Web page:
AS OF OCTOBER 2015 CYPRESS GARDENS IS CLOSED FOR MAINTENANCE AND REPAIRS UNTIL FURTHER NOTICE. PLEASE VISIT http://www.cypressgardens.info/ OR CONTACT THE OFFICE FOR MORE INFORMATION
Walking the trails at Cypress Gardens in Moncks Corner, it’s easy to be swept away by the beauty of the Lowcountry landscape. Every turn on the winding paths leads to a sweet surprise of nature — a water willow blooming at the edge of a bog, Monarch butterflies fluttering around pink azaleas, an Eastern kingbird perched on a tupelo.
With so much to see, visitors may not notice they’re walking on the top of dikes built by slaves nearly 300 years ago. Benjamin Kittredge created the gardens in 1909 on the original rice fields of Dean Hall Plantation. Recognizing the unique beauty of the low-lying land, he rebuilt the old rice field embankments, dug canals through the swamps and planted new flowers, trees and shrubs. In 1932, he opened the gardens to the public.
Three miles of trails take you around the old rice field reservoir and deep into the wooded wetlands that make up most of the 170-acre property. We started out on the Main Path near the boat launch site and crossed a stone bridge to the Camellia Garden. It features hundreds of Asian camellias Kittridge’s wife Elizabeth collected on a trip to southern China.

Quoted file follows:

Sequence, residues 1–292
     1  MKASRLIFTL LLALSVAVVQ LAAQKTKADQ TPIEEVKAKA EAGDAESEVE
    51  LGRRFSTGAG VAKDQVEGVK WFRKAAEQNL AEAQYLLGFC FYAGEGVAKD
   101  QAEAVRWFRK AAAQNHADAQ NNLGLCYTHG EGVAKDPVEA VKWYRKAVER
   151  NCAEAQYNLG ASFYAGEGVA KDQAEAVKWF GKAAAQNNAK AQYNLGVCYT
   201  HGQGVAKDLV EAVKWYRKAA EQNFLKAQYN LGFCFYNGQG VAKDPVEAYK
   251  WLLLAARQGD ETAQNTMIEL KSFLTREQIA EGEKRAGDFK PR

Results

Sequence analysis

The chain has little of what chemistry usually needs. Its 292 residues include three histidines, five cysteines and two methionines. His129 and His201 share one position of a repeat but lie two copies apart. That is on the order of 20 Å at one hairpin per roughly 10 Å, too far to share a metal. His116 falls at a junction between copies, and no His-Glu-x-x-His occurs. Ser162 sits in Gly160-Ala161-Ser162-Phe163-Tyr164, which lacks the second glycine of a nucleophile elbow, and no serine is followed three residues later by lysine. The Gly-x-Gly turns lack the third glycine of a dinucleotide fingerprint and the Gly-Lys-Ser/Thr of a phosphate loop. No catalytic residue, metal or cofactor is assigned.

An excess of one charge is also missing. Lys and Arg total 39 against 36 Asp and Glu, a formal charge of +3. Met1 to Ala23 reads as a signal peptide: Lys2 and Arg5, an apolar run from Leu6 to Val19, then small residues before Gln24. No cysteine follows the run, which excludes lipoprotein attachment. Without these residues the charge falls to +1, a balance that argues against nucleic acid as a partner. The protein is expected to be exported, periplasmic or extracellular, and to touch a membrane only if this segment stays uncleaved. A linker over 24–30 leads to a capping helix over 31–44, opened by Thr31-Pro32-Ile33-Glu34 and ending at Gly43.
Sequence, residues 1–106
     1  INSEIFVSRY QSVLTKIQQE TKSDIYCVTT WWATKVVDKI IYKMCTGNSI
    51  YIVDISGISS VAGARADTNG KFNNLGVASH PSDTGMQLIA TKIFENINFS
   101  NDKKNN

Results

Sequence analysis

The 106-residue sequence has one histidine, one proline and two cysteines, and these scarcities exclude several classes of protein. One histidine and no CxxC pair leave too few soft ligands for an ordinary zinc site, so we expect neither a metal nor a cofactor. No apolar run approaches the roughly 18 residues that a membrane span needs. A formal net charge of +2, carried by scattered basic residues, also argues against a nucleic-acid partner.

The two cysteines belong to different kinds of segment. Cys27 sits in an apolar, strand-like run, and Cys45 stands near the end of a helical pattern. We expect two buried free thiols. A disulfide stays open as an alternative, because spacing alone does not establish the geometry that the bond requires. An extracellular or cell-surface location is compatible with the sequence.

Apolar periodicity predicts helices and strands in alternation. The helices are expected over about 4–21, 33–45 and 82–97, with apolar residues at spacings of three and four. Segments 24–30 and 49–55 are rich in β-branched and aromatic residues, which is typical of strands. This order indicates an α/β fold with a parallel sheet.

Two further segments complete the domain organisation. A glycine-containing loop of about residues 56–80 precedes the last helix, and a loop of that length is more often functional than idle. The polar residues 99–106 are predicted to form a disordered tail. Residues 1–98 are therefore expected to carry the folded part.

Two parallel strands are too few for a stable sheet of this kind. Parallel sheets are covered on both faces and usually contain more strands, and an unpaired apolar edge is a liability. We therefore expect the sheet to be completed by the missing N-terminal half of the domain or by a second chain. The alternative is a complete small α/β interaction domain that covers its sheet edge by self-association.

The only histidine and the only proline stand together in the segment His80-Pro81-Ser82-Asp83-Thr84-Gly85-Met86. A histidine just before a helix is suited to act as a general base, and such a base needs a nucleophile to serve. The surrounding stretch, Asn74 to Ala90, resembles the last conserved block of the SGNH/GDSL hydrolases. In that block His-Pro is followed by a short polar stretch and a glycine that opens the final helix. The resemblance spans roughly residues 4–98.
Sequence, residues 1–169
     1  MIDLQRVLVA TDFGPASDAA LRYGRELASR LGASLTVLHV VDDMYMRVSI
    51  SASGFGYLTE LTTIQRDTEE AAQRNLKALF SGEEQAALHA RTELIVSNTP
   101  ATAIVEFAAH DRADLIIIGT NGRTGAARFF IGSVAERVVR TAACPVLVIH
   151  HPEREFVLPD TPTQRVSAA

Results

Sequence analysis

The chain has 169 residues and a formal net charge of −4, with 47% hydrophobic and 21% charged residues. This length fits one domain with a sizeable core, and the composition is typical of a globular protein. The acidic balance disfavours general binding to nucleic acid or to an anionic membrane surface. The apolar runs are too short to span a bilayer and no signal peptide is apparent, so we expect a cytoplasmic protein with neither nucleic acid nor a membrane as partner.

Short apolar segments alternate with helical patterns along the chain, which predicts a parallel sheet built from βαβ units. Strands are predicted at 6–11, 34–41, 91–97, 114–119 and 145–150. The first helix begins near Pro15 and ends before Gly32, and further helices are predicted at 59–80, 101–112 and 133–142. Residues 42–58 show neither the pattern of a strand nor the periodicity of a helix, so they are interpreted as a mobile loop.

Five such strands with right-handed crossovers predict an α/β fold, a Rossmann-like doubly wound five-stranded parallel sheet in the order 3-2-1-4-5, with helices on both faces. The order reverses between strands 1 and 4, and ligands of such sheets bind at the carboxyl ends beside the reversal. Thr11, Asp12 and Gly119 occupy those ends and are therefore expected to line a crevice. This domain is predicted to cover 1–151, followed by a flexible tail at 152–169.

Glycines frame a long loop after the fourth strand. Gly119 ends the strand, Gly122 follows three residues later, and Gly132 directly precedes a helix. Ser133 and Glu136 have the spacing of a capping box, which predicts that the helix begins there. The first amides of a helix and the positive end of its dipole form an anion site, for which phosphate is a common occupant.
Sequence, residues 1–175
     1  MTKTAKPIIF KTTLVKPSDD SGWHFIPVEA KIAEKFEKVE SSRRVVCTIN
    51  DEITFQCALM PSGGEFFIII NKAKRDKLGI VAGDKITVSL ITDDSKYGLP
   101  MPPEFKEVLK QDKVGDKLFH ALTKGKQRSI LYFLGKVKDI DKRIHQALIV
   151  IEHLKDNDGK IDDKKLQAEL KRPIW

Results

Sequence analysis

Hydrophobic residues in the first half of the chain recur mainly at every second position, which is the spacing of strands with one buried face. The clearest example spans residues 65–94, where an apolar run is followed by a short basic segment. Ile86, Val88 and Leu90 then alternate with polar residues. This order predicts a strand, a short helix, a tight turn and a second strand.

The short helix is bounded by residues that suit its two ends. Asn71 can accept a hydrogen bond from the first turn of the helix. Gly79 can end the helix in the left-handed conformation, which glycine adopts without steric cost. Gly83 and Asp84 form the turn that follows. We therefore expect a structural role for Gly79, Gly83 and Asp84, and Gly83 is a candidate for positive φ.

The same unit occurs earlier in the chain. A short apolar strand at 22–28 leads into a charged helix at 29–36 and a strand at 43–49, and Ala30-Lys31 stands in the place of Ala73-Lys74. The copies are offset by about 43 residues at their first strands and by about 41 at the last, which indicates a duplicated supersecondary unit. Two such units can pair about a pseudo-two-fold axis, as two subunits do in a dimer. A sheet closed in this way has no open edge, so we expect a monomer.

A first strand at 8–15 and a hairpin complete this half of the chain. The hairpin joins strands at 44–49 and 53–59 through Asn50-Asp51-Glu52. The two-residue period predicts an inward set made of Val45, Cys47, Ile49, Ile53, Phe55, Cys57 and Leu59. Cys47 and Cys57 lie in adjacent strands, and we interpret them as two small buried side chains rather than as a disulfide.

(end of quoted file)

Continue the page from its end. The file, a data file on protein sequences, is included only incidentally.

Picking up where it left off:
I was amazed at how loud katydids, cicadas, grasshoppers and crickets can sound in such a quiet setting. Now, the chirping insects are joined by a chorus of migratory visitors, among them solitary sandpipers, black and white warblers and rough-winged swallows.
We continued on the path for about a half mile, veering onto a boardwalk to explore an unusual structure made of slender wooden poles, connected by wire and draped with Spanish moss. A sign described it as a meditative space in the middle of the swamp where one can rest and contemplate.
From there, we took the Kittredge Path to the gravesites of the couple who created the gardens. A large concrete cross towers above their simple gravestones.
Back on the Main Path, we passed a bat hotel, a wedding gazebo, an inland rice field and bog garden.
The network of walkways also includes the more primitive one-mile Perimeter Trail, a path to a wildflower meadow and the Northern Nature Trail leading to picnic shelters and a play area for kids.
You can pick up a trail map at the Visitor Center. Maps also are posted along the paths.
For more information on Cypress Gardens, click here or call (843) 553-0515.